Housing secretary James Brokenshire has backed calls for style guides in new developments. Architect Vicky Saunders argues the idea is unnecessary and restrictive.
A recent report from thinktank Policy Exchange has called for ministers to force local planning authorities to draw up “style guides” when building new homes because “not enough homes are built with beauty in mind”.
Housing Secretary James Brokenshire has said he “supports the intention” of the report, but before we are forced down this particular cul-de-sac and heap more pressure on already overworked planners, some careful consideration is needed.
Yes, we want homes to look beautiful.
We want them to stand the test of time. And we want them to be designed in such a way that is in fitting with local areas and help create thriving communities.
That is, and always has been, the role of architects. It is a role we take very seriously.
We spend years studying the design ethics and it is a genuine privilege to work on schemes that we know will be home to families for generations to come.
With every scheme we negotiate the views of planners and often urban designers who subject our offerings to close scrutiny.
In my experience, design guides such as those proposed have been counterintuitive. They are labelled as subjective, restrictive documents which choke the abilities of architects to deliver quality designs.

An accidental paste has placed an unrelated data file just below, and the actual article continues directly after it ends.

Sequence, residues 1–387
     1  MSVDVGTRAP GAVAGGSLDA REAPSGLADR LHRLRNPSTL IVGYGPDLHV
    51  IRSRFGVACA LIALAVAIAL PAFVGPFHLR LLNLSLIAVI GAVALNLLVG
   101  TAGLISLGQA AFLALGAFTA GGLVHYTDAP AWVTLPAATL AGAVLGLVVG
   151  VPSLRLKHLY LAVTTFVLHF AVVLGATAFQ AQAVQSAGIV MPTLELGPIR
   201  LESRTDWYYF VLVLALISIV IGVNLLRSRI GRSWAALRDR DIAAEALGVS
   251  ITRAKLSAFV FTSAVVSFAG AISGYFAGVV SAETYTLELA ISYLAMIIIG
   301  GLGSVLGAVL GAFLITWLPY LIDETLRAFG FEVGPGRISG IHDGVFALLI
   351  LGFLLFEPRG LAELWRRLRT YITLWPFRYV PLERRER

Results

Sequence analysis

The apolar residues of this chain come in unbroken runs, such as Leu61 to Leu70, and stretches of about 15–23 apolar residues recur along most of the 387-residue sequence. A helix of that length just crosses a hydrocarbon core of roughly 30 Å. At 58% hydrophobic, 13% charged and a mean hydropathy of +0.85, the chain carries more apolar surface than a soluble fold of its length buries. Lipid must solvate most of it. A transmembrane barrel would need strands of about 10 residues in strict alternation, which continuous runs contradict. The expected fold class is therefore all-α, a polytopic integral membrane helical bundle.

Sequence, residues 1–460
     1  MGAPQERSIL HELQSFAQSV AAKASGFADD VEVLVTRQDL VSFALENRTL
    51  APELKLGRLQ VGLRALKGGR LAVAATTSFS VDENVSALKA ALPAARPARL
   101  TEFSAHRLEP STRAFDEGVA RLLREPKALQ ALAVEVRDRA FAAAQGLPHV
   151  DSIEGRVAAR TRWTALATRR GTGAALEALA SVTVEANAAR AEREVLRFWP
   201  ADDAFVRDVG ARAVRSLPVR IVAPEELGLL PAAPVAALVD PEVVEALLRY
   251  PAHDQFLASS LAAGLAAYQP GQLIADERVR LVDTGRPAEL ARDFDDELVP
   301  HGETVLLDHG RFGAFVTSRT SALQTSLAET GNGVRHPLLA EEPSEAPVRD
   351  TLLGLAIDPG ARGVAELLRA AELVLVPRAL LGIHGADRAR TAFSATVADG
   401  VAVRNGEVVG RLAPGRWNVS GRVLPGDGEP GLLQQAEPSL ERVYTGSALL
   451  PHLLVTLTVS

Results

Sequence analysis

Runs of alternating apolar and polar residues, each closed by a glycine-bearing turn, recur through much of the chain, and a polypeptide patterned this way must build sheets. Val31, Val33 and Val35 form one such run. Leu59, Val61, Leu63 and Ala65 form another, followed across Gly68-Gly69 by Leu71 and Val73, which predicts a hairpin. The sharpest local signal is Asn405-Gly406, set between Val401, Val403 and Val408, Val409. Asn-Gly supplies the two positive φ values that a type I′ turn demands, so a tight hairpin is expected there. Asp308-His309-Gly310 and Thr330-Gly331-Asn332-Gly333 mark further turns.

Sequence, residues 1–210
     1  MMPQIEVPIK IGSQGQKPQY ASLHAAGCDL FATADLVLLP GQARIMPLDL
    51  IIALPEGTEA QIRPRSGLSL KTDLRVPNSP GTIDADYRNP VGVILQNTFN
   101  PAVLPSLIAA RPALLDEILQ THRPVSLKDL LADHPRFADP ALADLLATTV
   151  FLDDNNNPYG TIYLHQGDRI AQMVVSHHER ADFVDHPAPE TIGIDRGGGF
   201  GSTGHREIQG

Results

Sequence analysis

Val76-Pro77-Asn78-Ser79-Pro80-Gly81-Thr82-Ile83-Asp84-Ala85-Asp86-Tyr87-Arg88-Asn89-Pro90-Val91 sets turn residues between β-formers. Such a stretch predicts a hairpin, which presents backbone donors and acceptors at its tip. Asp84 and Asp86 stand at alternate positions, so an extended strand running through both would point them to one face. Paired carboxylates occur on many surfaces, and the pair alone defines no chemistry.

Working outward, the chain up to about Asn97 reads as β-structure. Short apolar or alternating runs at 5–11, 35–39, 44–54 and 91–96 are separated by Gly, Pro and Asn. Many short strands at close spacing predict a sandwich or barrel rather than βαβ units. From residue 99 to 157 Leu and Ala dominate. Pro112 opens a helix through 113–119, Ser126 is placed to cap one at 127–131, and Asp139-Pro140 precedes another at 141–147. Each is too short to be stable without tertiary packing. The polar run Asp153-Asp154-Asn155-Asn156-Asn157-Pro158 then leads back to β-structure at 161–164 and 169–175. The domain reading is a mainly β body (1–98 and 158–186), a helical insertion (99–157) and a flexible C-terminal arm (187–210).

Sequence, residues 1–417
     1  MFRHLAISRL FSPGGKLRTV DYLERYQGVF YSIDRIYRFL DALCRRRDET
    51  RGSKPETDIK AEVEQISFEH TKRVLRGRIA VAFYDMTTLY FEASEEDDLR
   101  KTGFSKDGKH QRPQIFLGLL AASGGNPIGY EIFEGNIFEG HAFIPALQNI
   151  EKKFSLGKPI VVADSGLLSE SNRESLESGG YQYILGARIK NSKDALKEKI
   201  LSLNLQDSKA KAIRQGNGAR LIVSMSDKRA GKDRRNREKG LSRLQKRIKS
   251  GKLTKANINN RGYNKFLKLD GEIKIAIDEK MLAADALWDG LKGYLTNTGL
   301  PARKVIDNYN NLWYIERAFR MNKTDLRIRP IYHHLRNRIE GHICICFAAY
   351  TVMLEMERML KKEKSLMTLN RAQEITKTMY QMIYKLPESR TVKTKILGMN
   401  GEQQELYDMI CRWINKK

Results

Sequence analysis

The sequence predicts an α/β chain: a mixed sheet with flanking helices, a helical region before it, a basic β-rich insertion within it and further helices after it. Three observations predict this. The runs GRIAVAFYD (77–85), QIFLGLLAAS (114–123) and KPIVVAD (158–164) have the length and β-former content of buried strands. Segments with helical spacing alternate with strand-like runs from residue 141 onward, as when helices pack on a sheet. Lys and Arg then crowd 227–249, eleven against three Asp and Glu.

Equally worrying, they stifle our ability to innovate – and to use design as a force for social good.
We are already dealing with the recent changes to regulations, such as the housing standards review in 2015, which have resulted in slightly larger homes being delivered but at the cost of quality and sustainability.
Let’s not add to this burden.
The report urges “the pursuit of beauty”. I say we should pursue quality.
Quality design is the marriage of budget constraints, internal quality of construction and planning to provide a robust home.
And yes, it also needs to look good for the next 60 years.
Every architect working in the affordable housing sector also has a duty to use design to address major social challenges, such as fuel poverty. Let’s not restrict our ability to make a difference in the search for subjective beauty.
This article appeared in Inside Housing on 12.07.2018.
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